Defense of Prop. 8 draws sharp questions from liberal justices

WASHINGTON – The lawyer defending California’s ban on same-sex marriage drew skeptical questioning from swing justices Tuesday as the Supreme Court began two historic days of oral arguments considering the rights of gays and lesbians.

Charles J. Cooper, whose clients include citizens who voted for California’s 2008 Proposition 8 banning same-sex marriage, tried to convince the justices that states should have the right to limit marriage to heterosexual couples because they can produce children. Cooper warned that expanding marriage could have unkown but harmful effects.


But that drew sharp interrogation from the court’s liberal justices, and an emotionally tinged question from Justice Anthony Kennedy, widely seen as a key swing vote in the case.

PHOTOS: Supreme Court considers gay marriage


Kennedy, while acknowledging that the long-term effects of legalized gay marriage are unknown, suggested that the tens of thousands of children of gay and lesbian couples in California have a voice in the case as well. “They want their parents to have full recognition,” he said.

Justices Sonia Sotomayor, Elena Kagan, Stephen G. Breyer and Ruth Bader Ginsburg pounded Cooper for linking marriage to child-bearing, with Kagan asking if states could also prohibit couples over age 55 from getting married. Cooper responded that even in that case, at least one member of the marriage would likely still be fertile, a suggestion that drew laughter from the courtroom.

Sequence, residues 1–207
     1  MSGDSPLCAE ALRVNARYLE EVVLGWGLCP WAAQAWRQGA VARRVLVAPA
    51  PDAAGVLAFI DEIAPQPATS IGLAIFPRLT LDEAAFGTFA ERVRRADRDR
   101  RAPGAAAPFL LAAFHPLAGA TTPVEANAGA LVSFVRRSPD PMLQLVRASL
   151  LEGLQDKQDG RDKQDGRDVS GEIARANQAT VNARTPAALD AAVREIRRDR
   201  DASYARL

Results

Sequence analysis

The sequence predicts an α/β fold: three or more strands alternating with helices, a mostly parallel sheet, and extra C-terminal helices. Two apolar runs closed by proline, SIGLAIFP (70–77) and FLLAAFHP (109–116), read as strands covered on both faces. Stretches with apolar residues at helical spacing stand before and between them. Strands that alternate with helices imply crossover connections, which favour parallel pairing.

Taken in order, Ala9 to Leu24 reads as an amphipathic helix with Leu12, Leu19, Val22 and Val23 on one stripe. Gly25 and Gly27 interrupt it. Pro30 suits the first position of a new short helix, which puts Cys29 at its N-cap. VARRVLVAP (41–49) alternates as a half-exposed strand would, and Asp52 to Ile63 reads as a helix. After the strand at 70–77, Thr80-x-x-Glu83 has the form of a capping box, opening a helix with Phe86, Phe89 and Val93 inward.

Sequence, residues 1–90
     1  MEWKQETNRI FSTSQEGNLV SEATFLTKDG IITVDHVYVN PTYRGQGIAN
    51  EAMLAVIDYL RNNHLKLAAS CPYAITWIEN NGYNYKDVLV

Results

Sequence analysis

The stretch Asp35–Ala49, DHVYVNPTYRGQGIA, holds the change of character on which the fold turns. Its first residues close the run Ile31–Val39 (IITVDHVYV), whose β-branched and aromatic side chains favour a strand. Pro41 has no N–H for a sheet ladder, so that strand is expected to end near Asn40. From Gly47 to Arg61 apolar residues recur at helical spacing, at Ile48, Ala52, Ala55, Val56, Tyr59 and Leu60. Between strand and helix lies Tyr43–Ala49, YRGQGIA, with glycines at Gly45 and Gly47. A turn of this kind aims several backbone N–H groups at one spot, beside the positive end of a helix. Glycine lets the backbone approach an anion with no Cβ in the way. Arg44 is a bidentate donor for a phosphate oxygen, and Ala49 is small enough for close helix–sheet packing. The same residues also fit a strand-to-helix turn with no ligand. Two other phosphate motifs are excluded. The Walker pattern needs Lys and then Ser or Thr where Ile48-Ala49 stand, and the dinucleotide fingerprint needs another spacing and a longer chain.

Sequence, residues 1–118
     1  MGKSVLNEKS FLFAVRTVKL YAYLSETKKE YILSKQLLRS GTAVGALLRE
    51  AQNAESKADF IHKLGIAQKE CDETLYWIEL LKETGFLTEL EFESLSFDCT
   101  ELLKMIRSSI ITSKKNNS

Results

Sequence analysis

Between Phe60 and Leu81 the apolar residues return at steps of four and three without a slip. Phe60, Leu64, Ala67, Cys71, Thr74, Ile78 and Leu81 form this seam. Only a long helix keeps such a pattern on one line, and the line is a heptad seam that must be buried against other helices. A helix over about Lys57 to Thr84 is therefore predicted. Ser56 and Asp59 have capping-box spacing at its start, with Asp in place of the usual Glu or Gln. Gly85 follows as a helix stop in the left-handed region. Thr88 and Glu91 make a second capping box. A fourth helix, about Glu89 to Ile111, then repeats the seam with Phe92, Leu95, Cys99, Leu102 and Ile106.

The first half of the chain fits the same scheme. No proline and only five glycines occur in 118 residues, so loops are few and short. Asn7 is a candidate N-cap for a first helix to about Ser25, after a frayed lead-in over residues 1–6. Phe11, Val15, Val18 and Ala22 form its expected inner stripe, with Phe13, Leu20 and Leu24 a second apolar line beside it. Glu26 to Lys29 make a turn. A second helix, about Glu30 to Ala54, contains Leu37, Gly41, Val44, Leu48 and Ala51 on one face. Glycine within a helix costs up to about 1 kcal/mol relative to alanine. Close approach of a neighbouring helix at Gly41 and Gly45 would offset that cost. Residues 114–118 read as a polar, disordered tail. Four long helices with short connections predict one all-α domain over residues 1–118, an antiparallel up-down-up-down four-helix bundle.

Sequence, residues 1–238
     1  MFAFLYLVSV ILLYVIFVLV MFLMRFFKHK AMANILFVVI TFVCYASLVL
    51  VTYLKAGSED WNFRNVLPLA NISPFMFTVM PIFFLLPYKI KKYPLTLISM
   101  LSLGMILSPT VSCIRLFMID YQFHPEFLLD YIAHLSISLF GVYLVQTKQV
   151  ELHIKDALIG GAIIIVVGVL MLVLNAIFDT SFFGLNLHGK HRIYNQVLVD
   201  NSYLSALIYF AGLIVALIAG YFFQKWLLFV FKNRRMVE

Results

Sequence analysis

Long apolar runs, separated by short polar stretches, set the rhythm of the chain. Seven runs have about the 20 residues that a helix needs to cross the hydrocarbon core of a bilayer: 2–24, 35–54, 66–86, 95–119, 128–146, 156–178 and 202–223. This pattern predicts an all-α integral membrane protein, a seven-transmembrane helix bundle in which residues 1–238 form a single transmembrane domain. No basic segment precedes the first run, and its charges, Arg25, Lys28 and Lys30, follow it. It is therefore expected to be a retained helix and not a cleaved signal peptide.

TRANSCRIPT: Oral arguments before justices

On the conservative wing of the court, Justice Antonin Scalia jumped most forcefully to Cooper’s defense, suggesting that it is unclear whether the children of gay couples may suffer long-term damage.


Cooper was also pressed hard on a key technical issue in the case that could foreclose a more sweeping ruling from the justices about whether gay and lesbian Americans have the right to marry.

Gay marriage through the years

The state of California, which would normally have responsibility for defending a ballot proposition, did not appeal after a federal judge in San Francisco struck down Proposition 8 in 2010. Instead, the private citizens who sponsored the ballot measure, led by Dennis Hollingsworth, filed the appeal.

Several justices, including Chief Justice John G. Roberts, sounded skeptical Tuesday that Hollingsworth as a private citizen could defend the state’s laws.


“I don’t think we have ever allowed something like that,” Roberts said.

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